Indiana making strides in education attainment

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The March 23 article titled “Indiana’s Higher Education Achievement Results Mixed” highlights Indiana’s efforts to increase the number of Hoosiers with education beyond high school. J.K. Wall’s analysis also makes clear the need for sustained urgency if we hope to reach the goal of 60 percent of all Hoosiers with a quality college degree or credential.

Indiana has tremendous ground to cover to meet this goal. About 34 percent of adult Hoosiers hold a two- or four-year degree. Our state ranks 40th in educational attainment beyond high school.

Yet, Indiana’s efforts to improve these numbers—such as performance funding for colleges and student financial aid incentives—are paying off by nearly every measure. We are seeing steady improvements in overall degree completion, on-time degree completion, college readiness and at-risk degree completion.

At the Commission for Higher Education, we are focused on increasing success rates of all Indiana college students, from recent high school graduates to returning adults. For that reason, it’s important to provide additional context on the young adult age group highlighted in the article.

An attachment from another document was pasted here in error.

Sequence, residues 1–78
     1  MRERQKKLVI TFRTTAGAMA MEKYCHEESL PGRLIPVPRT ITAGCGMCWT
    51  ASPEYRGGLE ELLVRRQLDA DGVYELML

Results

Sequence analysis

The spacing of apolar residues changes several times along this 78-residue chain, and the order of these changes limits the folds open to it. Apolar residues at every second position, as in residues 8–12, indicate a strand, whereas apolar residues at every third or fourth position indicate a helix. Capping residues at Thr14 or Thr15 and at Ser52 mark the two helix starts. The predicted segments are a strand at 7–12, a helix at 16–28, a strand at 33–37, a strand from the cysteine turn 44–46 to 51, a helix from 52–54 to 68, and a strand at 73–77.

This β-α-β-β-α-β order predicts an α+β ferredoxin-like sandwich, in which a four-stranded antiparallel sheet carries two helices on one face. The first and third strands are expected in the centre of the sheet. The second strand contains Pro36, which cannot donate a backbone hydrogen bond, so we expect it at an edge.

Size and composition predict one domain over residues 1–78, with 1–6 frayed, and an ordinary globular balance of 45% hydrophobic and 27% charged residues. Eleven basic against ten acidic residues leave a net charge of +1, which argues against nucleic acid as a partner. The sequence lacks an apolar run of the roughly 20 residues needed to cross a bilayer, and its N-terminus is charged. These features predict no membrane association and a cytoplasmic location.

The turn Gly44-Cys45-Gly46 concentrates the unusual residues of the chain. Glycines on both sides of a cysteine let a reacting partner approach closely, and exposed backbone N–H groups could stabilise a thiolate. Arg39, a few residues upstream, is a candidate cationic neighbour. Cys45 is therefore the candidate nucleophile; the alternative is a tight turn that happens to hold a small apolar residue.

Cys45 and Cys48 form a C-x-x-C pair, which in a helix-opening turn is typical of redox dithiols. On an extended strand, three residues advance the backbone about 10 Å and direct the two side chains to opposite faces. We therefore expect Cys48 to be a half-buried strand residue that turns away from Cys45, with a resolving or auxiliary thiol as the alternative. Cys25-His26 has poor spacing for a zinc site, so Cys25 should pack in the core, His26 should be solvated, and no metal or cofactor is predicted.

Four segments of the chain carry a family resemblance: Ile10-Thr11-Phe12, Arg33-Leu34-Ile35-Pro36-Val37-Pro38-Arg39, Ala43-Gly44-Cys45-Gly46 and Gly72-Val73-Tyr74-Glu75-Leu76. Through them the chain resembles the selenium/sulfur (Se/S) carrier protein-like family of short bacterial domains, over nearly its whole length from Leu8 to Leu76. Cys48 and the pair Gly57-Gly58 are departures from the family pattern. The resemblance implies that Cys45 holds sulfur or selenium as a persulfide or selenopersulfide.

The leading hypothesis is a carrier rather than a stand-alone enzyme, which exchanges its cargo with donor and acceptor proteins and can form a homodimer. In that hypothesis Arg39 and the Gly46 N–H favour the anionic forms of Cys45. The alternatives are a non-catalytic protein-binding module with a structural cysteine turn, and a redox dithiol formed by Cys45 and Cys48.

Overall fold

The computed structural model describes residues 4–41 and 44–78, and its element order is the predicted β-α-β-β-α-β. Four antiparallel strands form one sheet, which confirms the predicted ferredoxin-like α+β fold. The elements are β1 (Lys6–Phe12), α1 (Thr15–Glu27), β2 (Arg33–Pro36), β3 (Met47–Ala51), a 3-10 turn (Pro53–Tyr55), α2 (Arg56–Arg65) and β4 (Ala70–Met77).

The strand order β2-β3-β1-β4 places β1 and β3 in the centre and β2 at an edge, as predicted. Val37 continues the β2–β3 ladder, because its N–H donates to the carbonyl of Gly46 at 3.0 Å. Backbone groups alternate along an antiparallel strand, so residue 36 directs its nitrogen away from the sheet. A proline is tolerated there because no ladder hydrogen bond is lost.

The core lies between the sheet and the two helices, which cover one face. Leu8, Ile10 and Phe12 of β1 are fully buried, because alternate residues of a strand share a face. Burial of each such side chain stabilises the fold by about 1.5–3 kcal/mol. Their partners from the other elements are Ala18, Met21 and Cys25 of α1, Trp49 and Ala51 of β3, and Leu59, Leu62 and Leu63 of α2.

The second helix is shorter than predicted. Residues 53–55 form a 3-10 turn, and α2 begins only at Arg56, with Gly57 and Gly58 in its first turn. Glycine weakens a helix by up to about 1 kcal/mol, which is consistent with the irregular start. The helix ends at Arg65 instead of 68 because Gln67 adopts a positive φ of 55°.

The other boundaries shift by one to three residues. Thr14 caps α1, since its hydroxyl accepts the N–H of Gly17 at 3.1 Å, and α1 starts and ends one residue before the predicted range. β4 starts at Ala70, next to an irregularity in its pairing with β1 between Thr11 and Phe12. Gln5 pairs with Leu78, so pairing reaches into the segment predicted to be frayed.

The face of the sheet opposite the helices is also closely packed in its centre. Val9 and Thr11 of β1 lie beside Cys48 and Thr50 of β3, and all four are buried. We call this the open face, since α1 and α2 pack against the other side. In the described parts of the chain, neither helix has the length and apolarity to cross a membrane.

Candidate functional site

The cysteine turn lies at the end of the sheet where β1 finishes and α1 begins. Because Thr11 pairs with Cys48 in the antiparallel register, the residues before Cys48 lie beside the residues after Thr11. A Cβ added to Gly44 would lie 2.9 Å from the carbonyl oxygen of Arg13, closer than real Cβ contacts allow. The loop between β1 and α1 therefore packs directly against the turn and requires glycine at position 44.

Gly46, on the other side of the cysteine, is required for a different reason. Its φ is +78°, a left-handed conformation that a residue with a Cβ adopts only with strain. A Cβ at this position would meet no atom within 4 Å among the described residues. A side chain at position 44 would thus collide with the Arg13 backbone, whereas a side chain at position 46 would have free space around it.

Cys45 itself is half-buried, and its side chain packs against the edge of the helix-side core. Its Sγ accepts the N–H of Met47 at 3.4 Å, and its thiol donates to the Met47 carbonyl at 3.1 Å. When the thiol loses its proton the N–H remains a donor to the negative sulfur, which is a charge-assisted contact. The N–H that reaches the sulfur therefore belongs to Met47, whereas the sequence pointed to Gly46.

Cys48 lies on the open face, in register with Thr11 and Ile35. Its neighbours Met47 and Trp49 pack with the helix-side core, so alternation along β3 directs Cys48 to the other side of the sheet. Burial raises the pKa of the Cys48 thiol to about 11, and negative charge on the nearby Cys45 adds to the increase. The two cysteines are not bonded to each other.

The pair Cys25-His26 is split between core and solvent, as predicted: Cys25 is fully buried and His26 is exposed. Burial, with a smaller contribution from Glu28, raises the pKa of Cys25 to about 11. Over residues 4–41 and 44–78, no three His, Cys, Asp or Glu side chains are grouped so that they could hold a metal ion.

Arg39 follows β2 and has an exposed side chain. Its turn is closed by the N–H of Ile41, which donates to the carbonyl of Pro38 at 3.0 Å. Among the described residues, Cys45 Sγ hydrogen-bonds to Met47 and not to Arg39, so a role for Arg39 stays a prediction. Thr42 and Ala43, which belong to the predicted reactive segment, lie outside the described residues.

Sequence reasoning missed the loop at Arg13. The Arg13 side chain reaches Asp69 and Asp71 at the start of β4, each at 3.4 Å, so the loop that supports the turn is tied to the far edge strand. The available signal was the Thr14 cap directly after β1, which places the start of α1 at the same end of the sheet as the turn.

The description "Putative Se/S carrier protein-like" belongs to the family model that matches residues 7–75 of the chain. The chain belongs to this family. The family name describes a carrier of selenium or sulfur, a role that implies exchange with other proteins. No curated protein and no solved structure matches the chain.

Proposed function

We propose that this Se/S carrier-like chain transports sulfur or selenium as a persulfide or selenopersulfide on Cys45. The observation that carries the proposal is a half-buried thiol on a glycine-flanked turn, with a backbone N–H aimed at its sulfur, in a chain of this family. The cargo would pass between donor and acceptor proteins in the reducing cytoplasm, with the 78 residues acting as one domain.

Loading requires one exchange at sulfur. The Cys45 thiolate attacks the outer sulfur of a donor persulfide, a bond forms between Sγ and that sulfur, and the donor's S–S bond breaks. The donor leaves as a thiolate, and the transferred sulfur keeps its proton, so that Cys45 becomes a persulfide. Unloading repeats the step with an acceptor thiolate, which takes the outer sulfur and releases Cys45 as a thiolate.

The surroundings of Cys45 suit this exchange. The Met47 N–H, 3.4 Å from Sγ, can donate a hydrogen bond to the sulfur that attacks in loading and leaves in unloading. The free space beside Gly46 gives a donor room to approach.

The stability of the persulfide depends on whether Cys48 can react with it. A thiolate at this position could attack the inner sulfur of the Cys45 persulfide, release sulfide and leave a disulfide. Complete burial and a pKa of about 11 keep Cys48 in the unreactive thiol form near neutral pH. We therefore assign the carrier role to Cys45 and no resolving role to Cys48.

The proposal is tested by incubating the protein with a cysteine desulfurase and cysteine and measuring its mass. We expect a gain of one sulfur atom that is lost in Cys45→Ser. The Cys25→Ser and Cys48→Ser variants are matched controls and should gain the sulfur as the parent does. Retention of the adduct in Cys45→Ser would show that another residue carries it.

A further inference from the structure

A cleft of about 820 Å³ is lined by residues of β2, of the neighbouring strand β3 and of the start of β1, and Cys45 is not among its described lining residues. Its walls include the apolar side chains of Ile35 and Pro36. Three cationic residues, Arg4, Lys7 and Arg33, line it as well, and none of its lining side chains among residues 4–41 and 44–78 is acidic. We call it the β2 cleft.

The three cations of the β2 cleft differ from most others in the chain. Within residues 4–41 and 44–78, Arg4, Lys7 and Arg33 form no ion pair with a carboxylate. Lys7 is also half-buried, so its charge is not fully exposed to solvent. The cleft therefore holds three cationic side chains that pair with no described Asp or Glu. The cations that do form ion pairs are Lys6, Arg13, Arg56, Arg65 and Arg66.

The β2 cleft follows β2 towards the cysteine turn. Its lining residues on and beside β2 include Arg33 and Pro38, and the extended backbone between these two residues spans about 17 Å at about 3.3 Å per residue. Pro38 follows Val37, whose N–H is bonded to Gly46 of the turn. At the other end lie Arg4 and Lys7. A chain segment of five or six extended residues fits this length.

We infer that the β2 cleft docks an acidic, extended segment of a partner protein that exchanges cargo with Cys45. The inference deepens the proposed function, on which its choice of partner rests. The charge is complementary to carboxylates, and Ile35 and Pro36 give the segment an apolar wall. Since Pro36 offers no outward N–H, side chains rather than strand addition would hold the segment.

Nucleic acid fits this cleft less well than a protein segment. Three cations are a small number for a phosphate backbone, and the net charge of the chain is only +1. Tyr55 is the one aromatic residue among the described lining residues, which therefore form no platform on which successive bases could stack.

In its 2014 “A Stronger Nation” report, Lumina Foundation found that higher education attainment among 25- to 34-year-olds was 38.3 percent in 2012, which is greater than Indiana’s adult population as a whole. In fact, Indiana’s young adult age group is closer to their national peers than our overall adult population.

Further, a three-year look at educational attainment for this young adult group, a more stable and accurate depiction than single-year changes, shows sustained growth. This group achieved a 4.7-percent increase in degree attainment from 2009-2011 to 2011-2013.

Much work remains to ensure more Hoosiers are prepared to grow and drive our future economy, but we are making impressive gains toward meeting our goals. If we maintain our momentum, we will achieve a better future for all students and employers—and better standing nationally.


Teresa Lubbers, commissioner
Indiana Commission for Higher Education


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